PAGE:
“At Infosys we have seen steady growth in the number of women applying for the jobs available. Today 34% of our workforce comprises of women. These women are as competent and capable as any other male member. It is essential for us to nurture them and provide them the support that is required at different stages of a women’s life cycle some of which are very important especially in the Indian context-marriage, childbearing, child care, elder care, etc,” the company also adds. Many companies such as Accenture India, Wipro, IBM India, Genpact India etc, subscribe to this concept today.

Leaving Flourishing Careers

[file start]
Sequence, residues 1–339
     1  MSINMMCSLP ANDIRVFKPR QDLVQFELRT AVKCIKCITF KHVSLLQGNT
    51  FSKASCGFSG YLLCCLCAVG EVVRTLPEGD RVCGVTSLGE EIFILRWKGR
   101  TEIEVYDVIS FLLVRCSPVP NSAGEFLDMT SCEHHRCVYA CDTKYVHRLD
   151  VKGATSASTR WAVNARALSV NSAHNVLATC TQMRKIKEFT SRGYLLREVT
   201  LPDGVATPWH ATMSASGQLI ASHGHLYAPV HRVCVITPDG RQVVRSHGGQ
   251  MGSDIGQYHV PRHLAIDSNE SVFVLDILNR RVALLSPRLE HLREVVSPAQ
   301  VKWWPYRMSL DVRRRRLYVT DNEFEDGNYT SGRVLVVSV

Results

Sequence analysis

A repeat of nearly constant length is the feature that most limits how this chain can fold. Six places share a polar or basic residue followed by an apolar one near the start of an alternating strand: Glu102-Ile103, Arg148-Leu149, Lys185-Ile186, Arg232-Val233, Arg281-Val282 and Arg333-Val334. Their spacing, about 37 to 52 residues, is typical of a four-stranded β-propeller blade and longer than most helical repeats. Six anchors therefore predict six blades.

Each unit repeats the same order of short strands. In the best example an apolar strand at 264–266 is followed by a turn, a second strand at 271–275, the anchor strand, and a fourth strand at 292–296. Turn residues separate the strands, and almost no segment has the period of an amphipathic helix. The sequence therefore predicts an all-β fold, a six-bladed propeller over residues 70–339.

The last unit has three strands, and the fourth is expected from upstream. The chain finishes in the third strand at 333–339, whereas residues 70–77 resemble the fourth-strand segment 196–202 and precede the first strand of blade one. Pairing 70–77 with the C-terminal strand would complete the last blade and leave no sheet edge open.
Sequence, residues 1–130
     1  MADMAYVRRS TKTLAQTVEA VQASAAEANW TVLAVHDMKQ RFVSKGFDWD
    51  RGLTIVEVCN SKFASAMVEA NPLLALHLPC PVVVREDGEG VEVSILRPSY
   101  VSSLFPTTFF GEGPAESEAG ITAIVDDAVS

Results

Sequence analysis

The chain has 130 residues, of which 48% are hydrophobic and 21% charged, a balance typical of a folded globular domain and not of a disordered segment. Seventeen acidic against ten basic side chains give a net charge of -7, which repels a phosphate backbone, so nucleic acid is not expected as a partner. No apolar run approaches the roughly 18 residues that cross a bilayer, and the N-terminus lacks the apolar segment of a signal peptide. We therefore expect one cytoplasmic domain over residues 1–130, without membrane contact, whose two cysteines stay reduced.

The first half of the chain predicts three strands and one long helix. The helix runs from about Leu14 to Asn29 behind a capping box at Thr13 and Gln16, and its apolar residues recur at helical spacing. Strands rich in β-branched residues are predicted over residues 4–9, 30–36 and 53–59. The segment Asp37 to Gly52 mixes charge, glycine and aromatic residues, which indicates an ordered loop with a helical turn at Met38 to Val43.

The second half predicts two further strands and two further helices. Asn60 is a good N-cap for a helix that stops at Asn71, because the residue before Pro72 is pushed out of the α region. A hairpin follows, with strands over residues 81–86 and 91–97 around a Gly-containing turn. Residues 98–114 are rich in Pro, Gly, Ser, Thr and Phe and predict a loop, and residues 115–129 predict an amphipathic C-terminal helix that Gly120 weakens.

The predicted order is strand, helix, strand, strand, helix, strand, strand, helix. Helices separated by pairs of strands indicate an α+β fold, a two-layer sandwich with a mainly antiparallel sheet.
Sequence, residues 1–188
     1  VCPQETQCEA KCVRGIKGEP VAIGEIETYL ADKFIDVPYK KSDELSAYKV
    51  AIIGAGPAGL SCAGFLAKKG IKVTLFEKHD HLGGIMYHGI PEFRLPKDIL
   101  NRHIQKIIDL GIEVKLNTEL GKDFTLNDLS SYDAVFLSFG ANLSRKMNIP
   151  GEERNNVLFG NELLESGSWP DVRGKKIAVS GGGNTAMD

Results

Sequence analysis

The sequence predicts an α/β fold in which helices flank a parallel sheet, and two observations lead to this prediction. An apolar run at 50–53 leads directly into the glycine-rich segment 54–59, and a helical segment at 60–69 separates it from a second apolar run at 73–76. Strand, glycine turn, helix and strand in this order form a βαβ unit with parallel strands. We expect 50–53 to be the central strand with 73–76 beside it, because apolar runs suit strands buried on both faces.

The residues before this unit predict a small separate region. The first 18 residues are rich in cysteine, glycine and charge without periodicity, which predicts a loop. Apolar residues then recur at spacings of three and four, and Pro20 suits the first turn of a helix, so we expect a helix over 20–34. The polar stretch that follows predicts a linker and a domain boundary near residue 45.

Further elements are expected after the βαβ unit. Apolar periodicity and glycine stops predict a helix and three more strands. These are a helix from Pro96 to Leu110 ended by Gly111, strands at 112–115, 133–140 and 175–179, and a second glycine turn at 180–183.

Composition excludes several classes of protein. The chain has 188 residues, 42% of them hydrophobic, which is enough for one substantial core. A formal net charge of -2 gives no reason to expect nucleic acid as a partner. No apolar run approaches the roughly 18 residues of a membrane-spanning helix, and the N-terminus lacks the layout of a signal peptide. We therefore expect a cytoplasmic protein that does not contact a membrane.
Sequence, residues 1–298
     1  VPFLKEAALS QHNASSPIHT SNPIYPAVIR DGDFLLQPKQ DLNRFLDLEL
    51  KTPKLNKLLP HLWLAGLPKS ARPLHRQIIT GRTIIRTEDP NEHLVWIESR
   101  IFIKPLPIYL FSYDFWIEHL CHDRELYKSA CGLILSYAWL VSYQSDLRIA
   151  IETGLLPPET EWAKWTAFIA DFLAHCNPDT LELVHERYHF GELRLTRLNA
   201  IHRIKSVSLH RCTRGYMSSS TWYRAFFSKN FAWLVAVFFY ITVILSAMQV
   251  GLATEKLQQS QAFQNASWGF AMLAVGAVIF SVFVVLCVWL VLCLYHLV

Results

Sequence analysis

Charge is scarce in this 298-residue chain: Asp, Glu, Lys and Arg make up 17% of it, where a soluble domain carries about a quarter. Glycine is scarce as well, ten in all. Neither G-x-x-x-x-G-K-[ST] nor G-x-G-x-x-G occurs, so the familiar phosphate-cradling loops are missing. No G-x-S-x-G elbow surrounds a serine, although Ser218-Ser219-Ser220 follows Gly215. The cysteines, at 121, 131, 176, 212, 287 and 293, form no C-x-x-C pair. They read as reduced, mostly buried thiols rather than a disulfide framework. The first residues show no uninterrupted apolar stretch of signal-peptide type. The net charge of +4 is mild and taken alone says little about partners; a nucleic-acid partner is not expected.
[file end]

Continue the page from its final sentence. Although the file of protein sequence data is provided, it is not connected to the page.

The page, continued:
Focusing on the lot of women who are wanting to come back, companies claim that the approach has changed for the better as mindsets are changing. These women may have left flourishing careers due to several reasons such as opting for higher studies, or wanting to balance their careers and personal aspirations with other priorities such as looking after family members such as their husbands, in-laws, parents, differently-abled children, etc, and these issues could require as much, if not more, of her attention at any point of time in her career. “Yes, a woman does not leave a good career out of choice, it is more due to different roles’ expectations from her, especially in a culture like ours; it is tough doing the juggling act,” says Nirmala Menon, co-founder,, a diversity consulting organization.